Helicon (crater)

From Wikipedia, the free encyclopedia
Jump to navigation Jump to search
Helicon crater 4134 h2.jpg
Coordinates 40°24′N 23°06′W / 40.4°N 23.1°W / 40.4; -23.1Coordinates: 40°24′N 23°06′W / 40.4°N 23.1°W / 40.4; -23.1
Diameter 25 km
Depth 0.5 km
Colongitude 23° at sunrise
Eponym Helicon
Highly oblique view of Helicon (left) and Le Verrier (right). The mountain on the horizon at left is Promontorium Laplace, about 180 km beyond Helicon. Note that Helicon's ejecta is buried by the mare lava, but Le Verrier's is not. From Apollo 15.
Another oblique view of Helicon (left), at a higher sun angle. Also from Apollo 15.

Helicon is a small lunar impact crater that is located on the north part of the Mare Imbrium. The crater is named after Mount Helicon, a mountain located nearly northwest of Athens, Greece. To the northwest is the prominent Sinus Iridum, a mountain-ringed bay on the mare. Just nearly two crater diameter to the east (about 50 km) is the slightly smaller crater Le Verrier. No other prominent craters are nearby other than Carlini further south and northeast are the recently named tiny craters of Guang Han Gong, Tai Wei, Tai Shi and Zi Wei.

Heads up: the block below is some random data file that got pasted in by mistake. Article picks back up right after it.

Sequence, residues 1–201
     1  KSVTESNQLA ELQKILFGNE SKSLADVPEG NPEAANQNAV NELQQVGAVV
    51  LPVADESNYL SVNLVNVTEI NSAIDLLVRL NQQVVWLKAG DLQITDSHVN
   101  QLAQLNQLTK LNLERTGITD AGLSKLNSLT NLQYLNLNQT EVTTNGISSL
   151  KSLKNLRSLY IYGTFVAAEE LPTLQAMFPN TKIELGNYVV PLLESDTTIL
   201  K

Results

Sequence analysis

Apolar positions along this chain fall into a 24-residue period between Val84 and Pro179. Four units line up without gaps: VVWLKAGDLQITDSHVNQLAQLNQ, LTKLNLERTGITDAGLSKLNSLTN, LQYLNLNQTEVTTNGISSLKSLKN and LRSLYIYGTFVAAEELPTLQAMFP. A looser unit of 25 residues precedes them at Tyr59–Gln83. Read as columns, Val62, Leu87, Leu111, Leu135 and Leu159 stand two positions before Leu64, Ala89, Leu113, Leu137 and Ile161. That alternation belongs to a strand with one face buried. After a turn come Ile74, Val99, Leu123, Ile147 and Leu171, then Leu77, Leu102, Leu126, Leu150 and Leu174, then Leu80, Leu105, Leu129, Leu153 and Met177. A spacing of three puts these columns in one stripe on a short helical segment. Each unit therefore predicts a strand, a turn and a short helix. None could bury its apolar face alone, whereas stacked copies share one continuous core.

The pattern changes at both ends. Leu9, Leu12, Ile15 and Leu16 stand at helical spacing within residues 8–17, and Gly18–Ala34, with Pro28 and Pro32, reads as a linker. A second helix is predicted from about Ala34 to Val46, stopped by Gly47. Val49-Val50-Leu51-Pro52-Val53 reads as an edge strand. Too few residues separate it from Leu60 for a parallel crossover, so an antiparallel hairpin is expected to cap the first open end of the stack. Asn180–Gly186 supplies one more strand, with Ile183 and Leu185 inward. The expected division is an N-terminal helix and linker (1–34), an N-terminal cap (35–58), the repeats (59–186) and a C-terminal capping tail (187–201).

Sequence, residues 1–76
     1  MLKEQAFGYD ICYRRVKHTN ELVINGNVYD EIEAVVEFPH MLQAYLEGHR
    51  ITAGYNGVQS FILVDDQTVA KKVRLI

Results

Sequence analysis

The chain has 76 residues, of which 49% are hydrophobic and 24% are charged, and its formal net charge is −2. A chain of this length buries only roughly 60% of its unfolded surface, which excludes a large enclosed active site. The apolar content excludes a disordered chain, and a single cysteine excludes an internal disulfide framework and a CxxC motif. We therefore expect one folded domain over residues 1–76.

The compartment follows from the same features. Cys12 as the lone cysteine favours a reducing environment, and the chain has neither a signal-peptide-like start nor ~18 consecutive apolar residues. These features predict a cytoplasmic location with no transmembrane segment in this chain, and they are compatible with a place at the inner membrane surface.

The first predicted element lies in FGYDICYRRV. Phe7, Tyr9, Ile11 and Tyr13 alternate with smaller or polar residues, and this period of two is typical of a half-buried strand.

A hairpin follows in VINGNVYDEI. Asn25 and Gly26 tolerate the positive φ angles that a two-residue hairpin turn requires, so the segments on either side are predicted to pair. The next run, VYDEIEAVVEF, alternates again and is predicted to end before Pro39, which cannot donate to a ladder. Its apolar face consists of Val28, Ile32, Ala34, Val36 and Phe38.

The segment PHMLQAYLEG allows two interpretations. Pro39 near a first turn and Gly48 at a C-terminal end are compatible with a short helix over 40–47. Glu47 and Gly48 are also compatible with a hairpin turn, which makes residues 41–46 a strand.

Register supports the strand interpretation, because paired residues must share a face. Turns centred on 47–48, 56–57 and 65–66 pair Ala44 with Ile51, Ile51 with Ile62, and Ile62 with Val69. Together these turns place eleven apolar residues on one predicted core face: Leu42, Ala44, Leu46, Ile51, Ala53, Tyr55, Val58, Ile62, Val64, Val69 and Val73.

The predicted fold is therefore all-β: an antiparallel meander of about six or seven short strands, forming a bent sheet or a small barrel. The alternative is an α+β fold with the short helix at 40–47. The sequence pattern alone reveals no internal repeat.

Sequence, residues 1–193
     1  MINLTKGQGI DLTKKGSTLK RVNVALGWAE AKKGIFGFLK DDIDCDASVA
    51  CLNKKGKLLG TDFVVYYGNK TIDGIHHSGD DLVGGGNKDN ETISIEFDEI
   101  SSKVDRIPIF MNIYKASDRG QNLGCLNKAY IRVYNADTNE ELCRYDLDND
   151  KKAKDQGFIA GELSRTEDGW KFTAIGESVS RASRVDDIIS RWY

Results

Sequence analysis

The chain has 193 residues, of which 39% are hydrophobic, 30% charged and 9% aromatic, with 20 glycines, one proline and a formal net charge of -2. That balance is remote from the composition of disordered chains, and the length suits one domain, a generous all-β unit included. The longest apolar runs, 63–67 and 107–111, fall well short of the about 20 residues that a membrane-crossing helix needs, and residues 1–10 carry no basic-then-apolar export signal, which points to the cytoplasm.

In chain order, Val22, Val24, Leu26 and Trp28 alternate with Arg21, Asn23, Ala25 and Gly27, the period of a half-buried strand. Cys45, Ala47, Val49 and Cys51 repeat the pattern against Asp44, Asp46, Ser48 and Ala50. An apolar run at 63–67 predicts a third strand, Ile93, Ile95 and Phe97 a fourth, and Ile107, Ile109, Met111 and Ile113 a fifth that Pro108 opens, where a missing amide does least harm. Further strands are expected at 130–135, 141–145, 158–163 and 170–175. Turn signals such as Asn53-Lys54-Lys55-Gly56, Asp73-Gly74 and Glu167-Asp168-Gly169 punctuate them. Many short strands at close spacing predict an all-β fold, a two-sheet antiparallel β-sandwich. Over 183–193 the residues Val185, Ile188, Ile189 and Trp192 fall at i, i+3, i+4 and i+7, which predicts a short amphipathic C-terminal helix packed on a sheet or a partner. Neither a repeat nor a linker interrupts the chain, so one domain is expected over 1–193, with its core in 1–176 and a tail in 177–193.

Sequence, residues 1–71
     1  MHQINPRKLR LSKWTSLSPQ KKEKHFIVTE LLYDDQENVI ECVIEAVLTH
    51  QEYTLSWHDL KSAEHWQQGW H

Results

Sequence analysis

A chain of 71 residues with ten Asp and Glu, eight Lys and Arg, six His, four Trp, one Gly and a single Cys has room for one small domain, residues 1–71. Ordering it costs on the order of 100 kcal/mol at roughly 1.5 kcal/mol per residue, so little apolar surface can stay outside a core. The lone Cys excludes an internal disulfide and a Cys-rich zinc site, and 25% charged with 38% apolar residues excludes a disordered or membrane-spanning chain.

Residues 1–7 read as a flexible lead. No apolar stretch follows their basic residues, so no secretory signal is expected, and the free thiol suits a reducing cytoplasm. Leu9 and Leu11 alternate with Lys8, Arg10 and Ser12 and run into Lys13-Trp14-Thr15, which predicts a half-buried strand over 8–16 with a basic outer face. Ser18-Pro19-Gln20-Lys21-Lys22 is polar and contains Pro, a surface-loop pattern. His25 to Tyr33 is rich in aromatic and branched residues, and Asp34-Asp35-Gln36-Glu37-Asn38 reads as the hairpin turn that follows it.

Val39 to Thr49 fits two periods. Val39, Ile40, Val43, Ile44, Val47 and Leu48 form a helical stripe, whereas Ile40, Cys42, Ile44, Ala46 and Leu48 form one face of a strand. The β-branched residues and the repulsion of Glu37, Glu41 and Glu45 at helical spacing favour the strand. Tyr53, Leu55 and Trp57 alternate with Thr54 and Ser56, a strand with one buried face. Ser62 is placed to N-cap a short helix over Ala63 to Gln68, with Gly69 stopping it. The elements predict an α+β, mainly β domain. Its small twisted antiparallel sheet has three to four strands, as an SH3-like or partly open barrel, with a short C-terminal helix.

Helicon is a nearly circular formation with inner walls that curve down to a relatively flat floor. There is a tiny craterlet located at the midpoint of the interior, and a small craterlet along the southwestern rim.

Satellite craters[edit]

According to convention these features are identified on lunar maps by placing the letter on the side of the crater midpoint that is closest to Helicon.

Helicon Latitude Longitude Diameter
B 38.0° N 21.3° W 6 km
C 40.1° N 26.2° W 1 km
E 40.5° N 24.1° W 3 km
G 41.7° N 24.9° W 2 km

External links[edit]

  • Wood, Chuck (2006-08-20). "Out the Porthole". Lunar Photo of the Day. Retrieved 2016-09-18. , excellent earth-based image of Sinus Iridum and vicinity, including Helicon and Le Verrier